Of the metals shown, which is the best conductor of electricity? Which is the worst? What do you notice about the resistivity of these metals as temperature is increased from 32oF to 75 oF?
Here is the same table, the order re-arranged to show resistivity from least to greatest:
The data for this table was taken from table 1-97 of the American Electrician’s Handbook (eleventh edition) by Terrell Croft and Wilford Summers.
It may come as a surprise to some students to find that gold is actually a worse conductor of electricity than copper, but the data doesn’t lie! Silver is actually the best, but gold is chosen for a lot of microelectronic applications because of its resistance to oxidation.
What is the electrical resistance of a 12-gauge copper wire, 500 feet long, at room temperature?
Wire resistance = 0.7726 Ω
Ask your students to share their sources for data: values of ρ, cross-sectional area, etc.
A spool holds an unknown length of aluminum wire. The size of the wire is 4 AWG. Fortunately, both ends of the wire are available for contact with an ohmmeter, to measure the resistance of the entire spool. When measured, the wire’s total resistance is 0.135 Ω. How much wire is on the spool (assuming the spool is at room temperature)?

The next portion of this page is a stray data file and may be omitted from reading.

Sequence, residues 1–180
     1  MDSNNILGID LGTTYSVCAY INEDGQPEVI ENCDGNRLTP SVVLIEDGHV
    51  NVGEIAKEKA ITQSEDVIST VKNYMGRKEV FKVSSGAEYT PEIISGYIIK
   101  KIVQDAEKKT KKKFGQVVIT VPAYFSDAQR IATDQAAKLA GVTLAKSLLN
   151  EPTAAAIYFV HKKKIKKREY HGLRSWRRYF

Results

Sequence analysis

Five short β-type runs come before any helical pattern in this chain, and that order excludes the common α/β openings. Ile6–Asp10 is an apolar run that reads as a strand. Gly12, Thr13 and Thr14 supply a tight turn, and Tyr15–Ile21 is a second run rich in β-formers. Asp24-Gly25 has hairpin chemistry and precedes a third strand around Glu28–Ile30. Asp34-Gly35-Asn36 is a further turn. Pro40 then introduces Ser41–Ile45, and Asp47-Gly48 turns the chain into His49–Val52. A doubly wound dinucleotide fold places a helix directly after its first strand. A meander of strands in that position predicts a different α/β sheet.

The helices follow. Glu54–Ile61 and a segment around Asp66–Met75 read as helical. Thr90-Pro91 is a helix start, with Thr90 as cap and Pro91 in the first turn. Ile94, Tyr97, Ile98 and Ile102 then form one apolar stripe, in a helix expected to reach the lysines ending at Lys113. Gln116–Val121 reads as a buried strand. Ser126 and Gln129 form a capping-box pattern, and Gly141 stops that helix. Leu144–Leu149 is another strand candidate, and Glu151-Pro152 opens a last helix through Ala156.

This question illustrates another practical application of specific resistance calculations: how to determine the length of wire on a spool. The amount of resistance in this example is quite low, being a mere fraction of an ohm. Ask your students what kinds of problems they might encounter trying to measure such a low resistance with accuracy. Would the typical errors incurred in such a low-resistance measurement tend to make their calculation of length be excessive, or too low? Why?
The cross-sectional dimensions of a copper “busbar” measure 8 cm by 2.5 cm. How much resistance would this busbar have, measured end-to-end, if its length is 10 meters? Assume a temperature of 20o Celsius.
This question is a good review of the metric system, relating centimeters to meters, and such. It may also be a good review of unit conversions, if students choose to do their resistance calculations using English units (cmils, or square inches) rather than metric.
Students may be surprised at the low resistance figure, but remind them that they are dealing with a solid bar of copper, over 3 square inches in cross-sectional area. This is one big conductor!